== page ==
Luxury fashion brand Valentino was acquired by Mayhoola for Investments (a Qatar based operation) for $730m in 2011. The label’s sales in 2012 were in the region of $640m. Now, just three years later, Valentino has already topped $1bn in annual sales, it’s being widely reported. Valentino reached the figure after strident year-on-year growth where total revenues increasing dramatically by 48% in 2015; going from $880.4m in 2014 to $1.09bn.
Creative directors, Maria Grazia Chiuri and Pierpaolo Piccioli, were appointed a few years before the change of owners and have made the accessories and footwear the “must-have” items. The “rockstud” design detail, which is applied to heels, trainers, belts, and handbags as well as menswear accessories, has catapulted the sales into the stratosphere and perhaps accounts for most of the recent growth.
The ready-to-wear collections, as well as haute couture, (which shows in Paris on the official couture schedule) have had the fashion press swooning at times and have received much editorial acclaim. But one wonders given the eye-watering pricing architecture who actually buys it?
Where t-shirts go for £345, knitwear from £1,000, tailoring from £1,500 and leather bomber jackets £3,500, this is not for the average consumer or even the dedicated fashion follower, especially as the ready-to-wear collections are considered rather fashion forward. These prices position the brand as one of the single most expensive designer ready-to-wear collections on the market today.
It has also been told to me by a senior retail buyer that the ready-to-wear collections are a “tough sell” on the shop floor, particularly menswear, which has developed a “couture sporty hybrid” aesthetic. For menswear Valentino has reworked military camouflage across the whole collection for a number of seasons, with re-colouring and engineered print details. And once again it has created a wide range of men’s trainers, in multiple colours, print and fabrications to great commercial success.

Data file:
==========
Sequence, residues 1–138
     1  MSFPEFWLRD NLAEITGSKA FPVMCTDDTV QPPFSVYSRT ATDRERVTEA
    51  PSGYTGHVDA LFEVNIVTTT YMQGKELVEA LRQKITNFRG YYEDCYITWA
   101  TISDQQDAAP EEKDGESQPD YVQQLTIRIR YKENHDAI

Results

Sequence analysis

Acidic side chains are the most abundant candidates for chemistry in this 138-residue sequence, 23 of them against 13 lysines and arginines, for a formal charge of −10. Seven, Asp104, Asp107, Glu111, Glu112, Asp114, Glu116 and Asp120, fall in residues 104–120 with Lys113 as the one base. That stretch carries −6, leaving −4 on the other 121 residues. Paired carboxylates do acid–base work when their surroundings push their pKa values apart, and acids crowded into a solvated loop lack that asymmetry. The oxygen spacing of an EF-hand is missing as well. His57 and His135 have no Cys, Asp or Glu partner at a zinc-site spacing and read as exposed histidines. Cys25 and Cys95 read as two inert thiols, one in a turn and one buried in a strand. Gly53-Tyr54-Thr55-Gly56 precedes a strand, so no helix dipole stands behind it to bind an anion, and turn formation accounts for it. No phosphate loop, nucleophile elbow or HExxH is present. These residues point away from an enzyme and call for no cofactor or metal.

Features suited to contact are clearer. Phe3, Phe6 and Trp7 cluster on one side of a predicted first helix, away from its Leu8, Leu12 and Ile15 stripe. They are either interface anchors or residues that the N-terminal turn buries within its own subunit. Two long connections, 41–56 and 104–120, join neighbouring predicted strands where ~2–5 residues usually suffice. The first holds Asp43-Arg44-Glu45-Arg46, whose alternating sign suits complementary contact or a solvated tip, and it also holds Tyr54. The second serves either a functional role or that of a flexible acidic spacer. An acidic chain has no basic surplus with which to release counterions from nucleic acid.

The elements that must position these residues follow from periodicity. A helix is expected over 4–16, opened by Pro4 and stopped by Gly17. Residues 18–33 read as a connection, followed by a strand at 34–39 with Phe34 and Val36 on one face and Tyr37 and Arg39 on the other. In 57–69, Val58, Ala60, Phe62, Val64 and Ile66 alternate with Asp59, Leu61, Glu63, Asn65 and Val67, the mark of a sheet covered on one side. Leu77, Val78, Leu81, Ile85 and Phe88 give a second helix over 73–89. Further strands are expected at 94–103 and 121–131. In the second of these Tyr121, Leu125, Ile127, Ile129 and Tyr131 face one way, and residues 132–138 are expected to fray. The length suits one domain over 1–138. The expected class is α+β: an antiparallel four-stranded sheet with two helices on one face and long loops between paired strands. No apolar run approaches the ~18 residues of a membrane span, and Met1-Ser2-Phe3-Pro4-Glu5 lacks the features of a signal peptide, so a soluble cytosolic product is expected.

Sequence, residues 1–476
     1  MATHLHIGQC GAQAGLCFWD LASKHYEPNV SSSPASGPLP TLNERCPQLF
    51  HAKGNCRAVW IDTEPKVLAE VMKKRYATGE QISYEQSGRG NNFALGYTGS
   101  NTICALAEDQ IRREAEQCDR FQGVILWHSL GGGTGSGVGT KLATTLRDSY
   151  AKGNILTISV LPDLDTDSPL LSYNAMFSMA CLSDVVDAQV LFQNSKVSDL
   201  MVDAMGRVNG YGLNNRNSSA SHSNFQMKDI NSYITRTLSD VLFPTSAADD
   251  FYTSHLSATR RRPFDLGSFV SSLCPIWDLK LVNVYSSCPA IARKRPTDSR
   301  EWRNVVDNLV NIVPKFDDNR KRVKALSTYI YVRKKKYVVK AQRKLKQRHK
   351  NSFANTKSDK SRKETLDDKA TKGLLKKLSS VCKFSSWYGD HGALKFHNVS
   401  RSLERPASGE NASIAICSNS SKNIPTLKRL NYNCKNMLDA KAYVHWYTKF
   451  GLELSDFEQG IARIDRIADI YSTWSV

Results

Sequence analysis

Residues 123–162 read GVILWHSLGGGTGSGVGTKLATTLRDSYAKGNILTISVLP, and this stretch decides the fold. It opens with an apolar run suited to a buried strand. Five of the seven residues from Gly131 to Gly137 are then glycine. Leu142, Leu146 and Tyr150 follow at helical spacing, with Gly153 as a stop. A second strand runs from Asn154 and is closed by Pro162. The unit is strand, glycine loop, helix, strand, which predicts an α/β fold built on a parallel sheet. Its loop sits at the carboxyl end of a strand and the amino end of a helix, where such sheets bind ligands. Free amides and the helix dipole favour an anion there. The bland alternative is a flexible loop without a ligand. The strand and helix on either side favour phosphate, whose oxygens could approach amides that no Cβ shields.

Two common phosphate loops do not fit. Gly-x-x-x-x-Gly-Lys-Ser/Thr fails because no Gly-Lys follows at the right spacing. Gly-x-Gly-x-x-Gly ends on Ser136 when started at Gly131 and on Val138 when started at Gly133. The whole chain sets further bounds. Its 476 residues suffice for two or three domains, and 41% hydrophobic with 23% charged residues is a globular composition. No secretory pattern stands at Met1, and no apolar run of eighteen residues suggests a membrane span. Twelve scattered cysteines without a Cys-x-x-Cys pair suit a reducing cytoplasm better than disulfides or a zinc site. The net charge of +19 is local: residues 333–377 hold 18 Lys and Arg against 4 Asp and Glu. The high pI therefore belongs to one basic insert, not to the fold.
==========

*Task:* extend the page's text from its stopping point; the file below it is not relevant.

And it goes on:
For many of the behemoth luxury fashion brands today, ready-to-wear collections are becoming loss-leaders and are used primarily for marketing and brand building purposes. This was something alluded to by Moncler CEO Remo Ruffini who, when talking about the Thom Browne-designed menswear collection Gamme Bleu, said “it’s more about marketing than sales”.
Interestingly, Piccioli and Chiuri were for years the in-house accessories designers at Valentino under the founder Valentino Garavani. From the regular sightings of him on the front row of their couture shows, they clearly still have his seal of approval. It’s also rather telling that another luxury brand Gucci (owned by Kering) also appointed its former head of accessories Alessandro Michele to the creative director role to recent acclaim and an upturn in the most recent revenues. Thus further highlighting the point “accessories are king”!
There has been an extensive refurb and redesign of the Valentino retail spaces worldwide, including the recently opened London flagship on Old Bond Street designed by architect David Chipperfield, which will house the full collections of womenswear, menswear, accessories and fragrance. There will also be a VIP area for customers by appointment.
Chipperfield also designed the New York flagships store which opened in 2014, and has used Terrazzo and marble cladding in shades of cool grey which are the mainstay of the design and are enhanced by natural oak used for the staircase, doors and display fixtures.